Children out Hallowe’en trick or treating should only knock on doors where it is clear the families inside are celebrating the event.
That’s the advice from East Sussex County Council in an article its online magazine which also points out: “The midst of a pandemic probably isn’t the most sensible time to go knocking on doors trick or treating.”
At the same time Sussex Police are suggesting people stay at home for Hallowe’en fun.
The county council magazine article says that if people do decide to go trick or treating this year despite the risks, take care and as always be respectful.
“Only knock on doors of houses that look to be celebrating Halloween themselves and remember: Hands – Face – Space.”
People celebrating at home are reminded to obey the Rule of Six.[external link]
The number of households should be limited.
“Seeing lots of people from different households in a short period of time will increase your risk of contracting and spreading the virus,” the article states.
You can read the full Hallowe’en article in Your East Sussex [external link] which has many tips for celebrating safely at home.
Sussex Police advice
Sussex Police urge people to enjoy safer ways of celebrating Hallowe’en.
They offer a number of alternatives:
- Take part in the Sussex Police competition for Sussex’s Spookiest House: take photos of your Halloween creations, decorations or pumpkins for a chance to win a visit to meet one of our police dogs. Find details on your local area’s police Facebook page.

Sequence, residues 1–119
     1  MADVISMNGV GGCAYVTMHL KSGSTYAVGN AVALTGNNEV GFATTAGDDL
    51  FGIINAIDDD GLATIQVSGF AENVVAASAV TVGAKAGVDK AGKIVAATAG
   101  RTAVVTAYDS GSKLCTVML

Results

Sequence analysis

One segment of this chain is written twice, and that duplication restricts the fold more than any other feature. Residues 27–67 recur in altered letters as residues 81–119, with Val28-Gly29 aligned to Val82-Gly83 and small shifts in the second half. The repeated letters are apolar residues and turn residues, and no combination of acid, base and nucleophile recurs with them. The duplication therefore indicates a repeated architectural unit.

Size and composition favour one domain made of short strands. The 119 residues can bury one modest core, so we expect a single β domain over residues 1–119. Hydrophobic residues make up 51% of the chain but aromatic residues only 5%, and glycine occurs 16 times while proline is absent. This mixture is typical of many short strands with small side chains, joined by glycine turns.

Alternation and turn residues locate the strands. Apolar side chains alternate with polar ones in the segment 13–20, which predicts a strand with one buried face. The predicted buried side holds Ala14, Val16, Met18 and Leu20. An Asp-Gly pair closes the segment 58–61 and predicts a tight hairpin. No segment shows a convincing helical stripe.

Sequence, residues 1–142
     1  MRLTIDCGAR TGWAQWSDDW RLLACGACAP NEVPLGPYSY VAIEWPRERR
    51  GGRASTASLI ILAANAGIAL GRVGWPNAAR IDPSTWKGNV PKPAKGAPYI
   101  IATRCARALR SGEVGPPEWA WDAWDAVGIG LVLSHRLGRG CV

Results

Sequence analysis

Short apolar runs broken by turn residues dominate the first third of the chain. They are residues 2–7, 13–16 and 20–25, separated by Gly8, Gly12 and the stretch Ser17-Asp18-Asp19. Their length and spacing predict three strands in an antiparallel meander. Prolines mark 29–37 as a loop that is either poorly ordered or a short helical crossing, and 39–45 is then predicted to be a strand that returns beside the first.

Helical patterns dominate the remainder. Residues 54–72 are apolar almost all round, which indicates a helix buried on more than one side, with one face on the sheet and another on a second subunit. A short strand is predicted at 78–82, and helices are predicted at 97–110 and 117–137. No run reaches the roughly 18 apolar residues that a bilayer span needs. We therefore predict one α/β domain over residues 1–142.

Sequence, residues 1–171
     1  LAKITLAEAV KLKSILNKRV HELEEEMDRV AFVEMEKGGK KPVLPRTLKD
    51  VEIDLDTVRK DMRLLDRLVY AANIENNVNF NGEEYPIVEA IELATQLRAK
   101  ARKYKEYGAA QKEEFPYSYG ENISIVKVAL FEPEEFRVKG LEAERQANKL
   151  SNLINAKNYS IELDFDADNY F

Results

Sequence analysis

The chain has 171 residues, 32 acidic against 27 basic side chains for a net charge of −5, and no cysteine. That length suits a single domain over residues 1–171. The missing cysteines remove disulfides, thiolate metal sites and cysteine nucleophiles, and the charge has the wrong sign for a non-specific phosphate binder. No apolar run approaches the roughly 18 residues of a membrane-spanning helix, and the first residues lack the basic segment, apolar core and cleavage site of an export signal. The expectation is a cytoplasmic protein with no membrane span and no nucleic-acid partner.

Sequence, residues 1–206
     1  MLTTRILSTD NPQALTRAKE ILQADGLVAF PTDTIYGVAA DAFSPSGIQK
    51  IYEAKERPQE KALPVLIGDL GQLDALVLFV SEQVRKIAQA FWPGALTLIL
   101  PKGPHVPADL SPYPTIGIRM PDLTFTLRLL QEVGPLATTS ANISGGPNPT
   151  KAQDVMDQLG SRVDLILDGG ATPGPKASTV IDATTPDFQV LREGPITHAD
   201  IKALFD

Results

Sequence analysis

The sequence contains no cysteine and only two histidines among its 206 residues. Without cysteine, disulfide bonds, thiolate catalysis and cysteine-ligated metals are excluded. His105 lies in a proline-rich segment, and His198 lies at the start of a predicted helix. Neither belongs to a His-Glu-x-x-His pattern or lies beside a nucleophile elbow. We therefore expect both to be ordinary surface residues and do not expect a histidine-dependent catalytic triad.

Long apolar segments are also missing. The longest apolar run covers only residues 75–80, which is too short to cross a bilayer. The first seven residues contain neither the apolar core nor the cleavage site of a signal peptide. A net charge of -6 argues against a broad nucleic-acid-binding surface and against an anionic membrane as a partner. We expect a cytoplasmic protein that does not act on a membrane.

- Join the pumpkin trail: take part in ‘pumpkin spotting’. Every time your child spots a pumpkin, you reward them with a treat.
- Be virtual: consider an online party with decorations, fancy dress and themed food. Play Hallowe’en games, bake Hallowe’en treats or tell spooky stories.
- Decorate your home: dress up the outside of your house with Halloween decorations for you and your neighbours to enjoy.
- Spooky Halloween hunt: hide Halloween sweets and treats around your homes or gardens as an alternative to trick-or-treating.
Officers are reminding people that if they are getting involved in Hallowe’en activities they be considerate to their neighbours and respectful of others’ property.
Don’t want trick or treaters to knock?
To make it easy to see who doesn’t wish to be disturbed, Sussex Police have produced some posters. You can find the posters here.
Police patrols will be stepped up to stamp out anti-social behaviour.
Chief Inspector Jon Carter said: “This year we are urging people to celebrate Hallowe’en in a responsible way and adhere to social distancing guidelines.
“We are here to make sure that everyone can still enjoy Hallowe’en by focussing our resources in the right places and working closely with our partners and communities.
“We will also be engaging, explaining and encouraging people to act responsibly, reminding them to follow Covid-19 guidelines and following the rule of six.”
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